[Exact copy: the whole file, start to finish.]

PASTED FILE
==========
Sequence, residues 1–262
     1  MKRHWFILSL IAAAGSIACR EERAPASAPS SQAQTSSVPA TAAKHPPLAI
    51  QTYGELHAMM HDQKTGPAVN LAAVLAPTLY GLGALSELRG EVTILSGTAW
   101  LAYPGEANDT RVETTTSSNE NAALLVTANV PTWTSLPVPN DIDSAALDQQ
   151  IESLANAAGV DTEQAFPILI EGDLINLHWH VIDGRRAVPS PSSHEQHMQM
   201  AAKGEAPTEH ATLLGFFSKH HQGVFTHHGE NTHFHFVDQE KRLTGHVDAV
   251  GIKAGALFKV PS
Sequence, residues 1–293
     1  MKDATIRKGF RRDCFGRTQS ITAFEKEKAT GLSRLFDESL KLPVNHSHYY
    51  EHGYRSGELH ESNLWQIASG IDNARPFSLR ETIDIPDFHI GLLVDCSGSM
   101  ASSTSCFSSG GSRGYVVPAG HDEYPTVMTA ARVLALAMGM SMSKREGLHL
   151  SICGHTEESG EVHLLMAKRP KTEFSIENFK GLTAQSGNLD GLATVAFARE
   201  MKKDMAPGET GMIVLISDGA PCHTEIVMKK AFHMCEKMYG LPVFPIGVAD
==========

Sequence, residues 1–262
     1  MKRHWFILSL IAAAGSIACR EERAPASAPS SQAQTSSVPA TAAKHPPLAI
    51  QTYGELHAMM HDQKTGPAVN LAAVLAPTLY GLGALSELRG EVTILSGTAW
   101  LAYPGEANDT RVETTTSSNE NAALLVTANV PTWTSLPVPN DIDSAALDQQ
   151  IESLANAAGV DTEQAFPILI EGDLINLHWH VIDGRRAVPS PSSHEQHMQM
   201  AAKGEAPTEH ATLLGFFSKH HQGVFTHHGE NTHFHFVDQE KRLTGHVDAV
   251  GIKAGALFKV PS
Sequence, residues 1–293
     1  MKDATIRKGF RRDCFGRTQS ITAFEKEKAT GLSRLFDESL KLPVNHSHYY
    51  EHGYRSGELH ESNLWQIASG IDNARPFSLR ETIDIPDFHI GLLVDCSGSM
   101  ASSTSCFSSG GSRGYVVPAG HDEYPTVMTA ARVLALAMGM SMSKREGLHL
   151  SICGHTEESG EVHLLMAKRP KTEFSIENFK GLTAQSGNLD GLATVAFARE
   201  MKKDMAPGET GMIVLISDGA PCHTEIVMKK AFHMCEKMYG LPVFPIGVAD